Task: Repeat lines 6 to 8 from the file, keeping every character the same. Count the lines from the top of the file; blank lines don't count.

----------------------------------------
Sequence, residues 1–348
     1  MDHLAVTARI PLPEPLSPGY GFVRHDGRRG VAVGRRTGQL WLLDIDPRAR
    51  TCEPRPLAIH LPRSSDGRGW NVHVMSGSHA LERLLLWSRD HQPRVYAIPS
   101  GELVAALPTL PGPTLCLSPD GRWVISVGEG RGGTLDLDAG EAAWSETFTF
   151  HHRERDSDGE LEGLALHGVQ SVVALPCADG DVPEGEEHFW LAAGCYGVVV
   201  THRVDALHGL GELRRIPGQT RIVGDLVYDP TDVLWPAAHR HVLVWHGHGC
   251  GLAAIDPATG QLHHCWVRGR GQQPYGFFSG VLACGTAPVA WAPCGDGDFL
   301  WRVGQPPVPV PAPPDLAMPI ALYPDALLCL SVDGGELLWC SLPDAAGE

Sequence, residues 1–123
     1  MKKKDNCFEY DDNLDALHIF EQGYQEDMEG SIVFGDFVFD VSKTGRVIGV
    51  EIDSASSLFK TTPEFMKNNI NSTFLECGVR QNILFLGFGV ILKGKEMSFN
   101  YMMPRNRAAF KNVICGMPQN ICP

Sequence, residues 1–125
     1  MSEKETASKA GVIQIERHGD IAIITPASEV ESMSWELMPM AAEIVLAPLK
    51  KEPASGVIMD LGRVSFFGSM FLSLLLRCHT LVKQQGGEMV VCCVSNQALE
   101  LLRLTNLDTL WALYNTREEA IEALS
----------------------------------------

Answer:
   201  THRVDALHGL GELRRIPGQT RIVGDLVYDP TDVLWPAAHR HVLVWHGHGC
   251  GLAAIDPATG QLHHCWVRGR GQQPYGFFSG VLACGTAPVA WAPCGDGDFL
   301  WRVGQPPVPV PAPPDLAMPI ALYPDALLCL SVDGGELLWC SLPDAAGE